Imagine all the people receiving financial advice about their retirement
Not a line you will find in John Lennon’s seminal call for peace and tolerance I understand but still something that many people call for. But what does it actually mean in practice?
There are those who have sufficient pension savings to finance the retirement lifestyle needs they require.
In addition to their state pension, they have adequate defined benefit (DB) and/or defined contribution (DC) pensions to meet those needs. Many of these people seek financial advice.
There are several financial planning approaches that can be adapted to the circumstances of the individual and tools available to support the presentation of the appropriate advice.
But, how many people are in this cohort? This depends upon how you, or more importantly they, view the retirement they are looking for and the sufficiency of their pension savings to provide that retirement.
Data produced by the Pensions Policy Institute (PPI) in its paper, Consumer financial advice and guidance for high-risk DC savers implies this is a minority of retirees, probably less than 15% of the total.
If the retiree is not part of that minority does the advice process become any easier? I believe not.
Questions must be asked around can they afford to retire, how long should they continue to work, and are they capable of doing so?
To make the conversation more palatable consideration has to be given to the use of housing wealth to augment their pension savings.
If they downsize, how will they drawdown the proceeds? Many who do not take advice live off interest generated from the cash proceeds. Would an invested solution taking account of dividend and capital gains allowances be more appropriate? How should the funds be invested and considering the risks, what would be a safe withdrawal rate from that investment portfolio?
And clearly there are other questions to be answered, for instance:
- If they are going to use equity release at some time, when is the appropriate time?
- How will they use equity release?
- Would they use it in parallel to the drawings from their pension savings or after their pension savings have been exhausted?
- If the latter how should their pension savings be managed?
- Pension savings need no longer be used to provide lifetime income. Does the investment objective become to draw a fixed income while extending the duration of the pension assets?
Each individual will have different proportions of wealth held in DB pensions, DC pensions, housing and other assets, and different individual personal circumstances to be satisfied.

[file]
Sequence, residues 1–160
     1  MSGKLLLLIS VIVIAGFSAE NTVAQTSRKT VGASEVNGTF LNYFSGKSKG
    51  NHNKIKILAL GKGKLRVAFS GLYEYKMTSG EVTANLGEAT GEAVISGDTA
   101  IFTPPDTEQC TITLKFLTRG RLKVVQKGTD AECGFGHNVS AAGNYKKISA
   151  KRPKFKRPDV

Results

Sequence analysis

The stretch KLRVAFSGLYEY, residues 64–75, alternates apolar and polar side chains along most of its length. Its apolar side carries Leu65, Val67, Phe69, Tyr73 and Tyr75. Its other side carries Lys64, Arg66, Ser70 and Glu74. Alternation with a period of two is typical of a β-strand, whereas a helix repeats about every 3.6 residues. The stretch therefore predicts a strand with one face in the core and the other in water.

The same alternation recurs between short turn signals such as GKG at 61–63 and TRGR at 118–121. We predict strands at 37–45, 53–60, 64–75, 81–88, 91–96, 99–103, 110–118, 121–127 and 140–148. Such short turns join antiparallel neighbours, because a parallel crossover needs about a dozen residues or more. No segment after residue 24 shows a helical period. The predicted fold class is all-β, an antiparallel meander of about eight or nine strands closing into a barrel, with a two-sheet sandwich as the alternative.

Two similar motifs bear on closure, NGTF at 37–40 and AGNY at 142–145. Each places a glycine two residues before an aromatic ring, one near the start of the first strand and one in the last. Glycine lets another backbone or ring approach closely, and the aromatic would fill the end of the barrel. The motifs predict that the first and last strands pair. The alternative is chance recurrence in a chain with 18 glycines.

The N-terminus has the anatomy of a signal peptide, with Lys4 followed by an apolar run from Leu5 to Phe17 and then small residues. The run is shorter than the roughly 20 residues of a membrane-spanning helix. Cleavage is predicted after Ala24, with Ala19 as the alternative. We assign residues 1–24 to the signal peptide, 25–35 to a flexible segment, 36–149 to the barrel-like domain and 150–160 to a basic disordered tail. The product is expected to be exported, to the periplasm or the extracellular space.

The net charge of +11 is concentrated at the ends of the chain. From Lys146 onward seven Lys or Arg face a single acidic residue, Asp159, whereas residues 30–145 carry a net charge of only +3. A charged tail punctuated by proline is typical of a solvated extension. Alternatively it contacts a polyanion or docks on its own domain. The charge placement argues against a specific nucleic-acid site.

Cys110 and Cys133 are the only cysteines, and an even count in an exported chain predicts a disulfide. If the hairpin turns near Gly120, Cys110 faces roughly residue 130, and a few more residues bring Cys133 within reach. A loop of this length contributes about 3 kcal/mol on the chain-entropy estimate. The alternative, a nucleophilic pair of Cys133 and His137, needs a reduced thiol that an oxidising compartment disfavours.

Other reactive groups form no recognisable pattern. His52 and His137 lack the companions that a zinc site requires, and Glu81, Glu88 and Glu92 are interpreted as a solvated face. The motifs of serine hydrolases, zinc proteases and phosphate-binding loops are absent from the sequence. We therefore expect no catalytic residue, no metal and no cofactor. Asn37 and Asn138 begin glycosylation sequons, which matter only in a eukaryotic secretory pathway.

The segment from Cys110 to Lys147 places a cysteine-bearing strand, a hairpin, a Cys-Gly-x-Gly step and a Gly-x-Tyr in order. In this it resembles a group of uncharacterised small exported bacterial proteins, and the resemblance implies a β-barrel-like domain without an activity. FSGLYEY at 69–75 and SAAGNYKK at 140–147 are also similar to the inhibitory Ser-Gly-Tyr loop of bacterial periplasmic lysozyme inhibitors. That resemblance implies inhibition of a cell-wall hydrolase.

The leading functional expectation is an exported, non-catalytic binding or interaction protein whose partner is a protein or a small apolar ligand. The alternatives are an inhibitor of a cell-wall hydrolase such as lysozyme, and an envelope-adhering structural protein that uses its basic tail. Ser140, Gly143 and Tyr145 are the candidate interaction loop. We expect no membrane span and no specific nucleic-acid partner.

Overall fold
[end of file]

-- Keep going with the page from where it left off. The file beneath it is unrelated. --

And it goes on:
The holistic advice needed has I’m afraid, become complicated. Most will be unable or unwilling to afford the quality advice they need; unfortunately the vast majority of the individuals’ currently approaching retirement fall into this category.
There is another group for whom the position may be even more complex. Those who are, or will be in receipt of means-tested benefits, for example, Pension Credit; Housing Benefit and Council Tax Relief.
If the adviser’s role is to achieve the best outcomes for their client, and not to protect the Exchequer, consideration also needs to be taken of additional rules offsetting actual income, notional income from pension savings not being drawn, and savings in excess of allowable thresholds, to get the most from whatever pension savings they have.
Pension guarantee credit is an increasing benefit; therefore what is the value of a level annuity (or for that matter a DB pension) if shortly into retirement it is subsumed into the means tested benefit threshold.
Consideration may be given to taking legitimate action to reduce pension savings before state pension age so that the benefit of those savings can be enjoyed. Alternatively, use of the savings threshold after state pension age as the fulcrum around which flexible income drawdown revolves could be another solution.
Unfortunately, many in this position will not have access to the advice they need.
The delivery of pension freedom has opened up a Pandora’s Box of solutions but these have to be applied to individual circumstances. The less wealth an individual has, the more complex the solutions they will need, yet the chances of them having access to appropriate advice becomes more remote.
It is a situation that we should all be seeking to resolve.
Bob Champion is chairman of the Later Life Academy